HMRC has repeated its position there will be no need for new infrastructure at the Irish border, whatever customs model the UK adopts after Brexit.
The UK has proposed two potential post-Brexit customs arrangements.
The first is a customs partnership, where the UK would collect tariffs on behalf of the EU.
The alternative is the 'max fac' option where a combination of technology and administrative arrangements would minimise the need for checks.
HMRC's two most senior officials have been giving evidence to the Commons Treasury committee.
Jim Harra, the deputy chief executive, said max fac would mean the need for customs controls but that those controls could be operated without physical infrastructure at the border.
He admitted that presents "a design challenge".
"If you look around the world, even the most technologically advanced customs borders generally involve some kind of infrastructure."
Jon Thompson, HMRC's chief executive, said Northern Ireland would need "additional facilitation" for customs compared to the UK as a whole.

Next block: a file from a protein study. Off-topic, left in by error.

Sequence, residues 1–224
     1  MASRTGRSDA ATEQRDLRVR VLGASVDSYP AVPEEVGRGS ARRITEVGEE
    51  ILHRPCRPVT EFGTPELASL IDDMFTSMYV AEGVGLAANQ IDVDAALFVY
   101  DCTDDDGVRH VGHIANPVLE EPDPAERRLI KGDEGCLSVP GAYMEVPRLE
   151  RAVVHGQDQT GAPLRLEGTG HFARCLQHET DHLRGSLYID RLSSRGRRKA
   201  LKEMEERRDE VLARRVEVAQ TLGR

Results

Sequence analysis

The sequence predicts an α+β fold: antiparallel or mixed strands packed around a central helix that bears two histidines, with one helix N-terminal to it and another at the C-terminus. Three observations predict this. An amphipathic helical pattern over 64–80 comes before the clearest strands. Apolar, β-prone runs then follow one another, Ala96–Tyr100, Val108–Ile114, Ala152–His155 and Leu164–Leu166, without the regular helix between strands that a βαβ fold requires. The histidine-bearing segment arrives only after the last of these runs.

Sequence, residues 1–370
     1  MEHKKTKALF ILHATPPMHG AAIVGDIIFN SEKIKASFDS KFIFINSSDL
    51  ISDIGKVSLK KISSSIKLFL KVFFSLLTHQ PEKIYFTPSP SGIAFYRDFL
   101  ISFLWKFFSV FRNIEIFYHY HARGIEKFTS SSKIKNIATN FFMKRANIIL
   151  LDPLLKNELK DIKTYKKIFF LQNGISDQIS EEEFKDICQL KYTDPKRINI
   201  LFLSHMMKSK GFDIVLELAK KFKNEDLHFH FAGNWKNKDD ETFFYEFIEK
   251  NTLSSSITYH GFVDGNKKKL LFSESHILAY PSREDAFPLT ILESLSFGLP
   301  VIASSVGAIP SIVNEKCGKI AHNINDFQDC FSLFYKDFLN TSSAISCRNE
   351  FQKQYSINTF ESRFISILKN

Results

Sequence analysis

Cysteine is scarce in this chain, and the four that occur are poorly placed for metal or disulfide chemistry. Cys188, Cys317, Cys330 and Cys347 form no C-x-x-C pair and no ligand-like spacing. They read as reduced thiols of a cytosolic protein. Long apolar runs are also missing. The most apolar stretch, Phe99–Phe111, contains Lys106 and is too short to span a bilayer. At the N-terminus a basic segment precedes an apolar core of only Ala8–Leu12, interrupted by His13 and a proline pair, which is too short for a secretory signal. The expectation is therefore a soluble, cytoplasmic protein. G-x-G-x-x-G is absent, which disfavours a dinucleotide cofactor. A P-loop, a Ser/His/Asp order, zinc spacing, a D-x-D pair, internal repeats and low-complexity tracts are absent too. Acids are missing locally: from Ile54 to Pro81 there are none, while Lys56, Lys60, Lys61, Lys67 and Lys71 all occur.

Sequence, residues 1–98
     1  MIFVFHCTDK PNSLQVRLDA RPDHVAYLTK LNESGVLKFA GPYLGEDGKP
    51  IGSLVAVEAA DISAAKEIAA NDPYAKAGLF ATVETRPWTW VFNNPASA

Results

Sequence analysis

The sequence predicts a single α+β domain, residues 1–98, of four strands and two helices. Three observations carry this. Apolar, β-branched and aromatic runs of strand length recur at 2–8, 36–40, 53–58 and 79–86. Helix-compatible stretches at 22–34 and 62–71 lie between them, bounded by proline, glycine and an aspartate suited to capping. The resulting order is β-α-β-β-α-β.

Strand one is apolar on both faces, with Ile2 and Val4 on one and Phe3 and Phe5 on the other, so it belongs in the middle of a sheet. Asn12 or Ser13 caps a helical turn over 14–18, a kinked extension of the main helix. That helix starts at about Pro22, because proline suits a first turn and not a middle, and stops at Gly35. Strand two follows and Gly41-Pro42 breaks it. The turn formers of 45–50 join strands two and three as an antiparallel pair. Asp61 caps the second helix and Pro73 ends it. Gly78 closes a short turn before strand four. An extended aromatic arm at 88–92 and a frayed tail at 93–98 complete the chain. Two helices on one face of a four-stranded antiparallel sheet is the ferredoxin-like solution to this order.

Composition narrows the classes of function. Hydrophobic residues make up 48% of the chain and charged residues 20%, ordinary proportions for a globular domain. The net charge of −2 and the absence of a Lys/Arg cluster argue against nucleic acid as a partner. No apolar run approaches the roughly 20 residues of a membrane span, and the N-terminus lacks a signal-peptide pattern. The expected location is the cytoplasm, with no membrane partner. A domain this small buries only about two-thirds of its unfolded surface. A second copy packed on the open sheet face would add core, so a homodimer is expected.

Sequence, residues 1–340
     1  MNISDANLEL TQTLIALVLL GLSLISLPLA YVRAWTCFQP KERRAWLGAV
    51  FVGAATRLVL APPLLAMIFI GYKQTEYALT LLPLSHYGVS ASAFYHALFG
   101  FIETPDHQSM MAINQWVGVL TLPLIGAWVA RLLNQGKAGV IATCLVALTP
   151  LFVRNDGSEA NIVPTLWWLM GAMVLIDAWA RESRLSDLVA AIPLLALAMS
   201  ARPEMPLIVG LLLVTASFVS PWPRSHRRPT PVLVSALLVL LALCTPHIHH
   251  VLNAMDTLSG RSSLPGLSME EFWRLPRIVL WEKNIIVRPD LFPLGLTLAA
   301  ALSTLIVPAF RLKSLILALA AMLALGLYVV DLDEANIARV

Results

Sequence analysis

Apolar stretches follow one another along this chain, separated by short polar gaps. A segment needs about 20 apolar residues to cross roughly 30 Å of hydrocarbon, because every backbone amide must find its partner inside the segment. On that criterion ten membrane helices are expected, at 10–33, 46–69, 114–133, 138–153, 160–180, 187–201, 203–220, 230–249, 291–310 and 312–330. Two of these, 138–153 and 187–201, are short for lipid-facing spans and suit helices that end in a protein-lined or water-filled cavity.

He referred to the UK government paper, published last summer, which proposed that small businesses trading across the border should be exempt from all customs controls.
Mr Harra said that arrangement would present "a number of potential compliance risks" which would have to be discussed with the EU.
He said the fiscal risks were not very significant and could be managed.
The EU is understood to be sceptical about both the UK customs plans.
Customs arrangements - which are largely concerned with the collection of tariffs - are not the only issue which need to be tackled to guarantee no hardening of the border.
'Cost to businesses'
There is also the issue of EU product standards which are governed by the rules of the single market.
The EU has particularly strict rules on the import of food products which can only enter through border inspection posts and are subject to checks.
Mr Thompson also said max fac model could cost businesses "somewhere between £17bn and £20bn" because of customs declarations.
By contrast the 'customs partnership' could cost up to £3.4bn, but the net cost could be zero under some circumstances.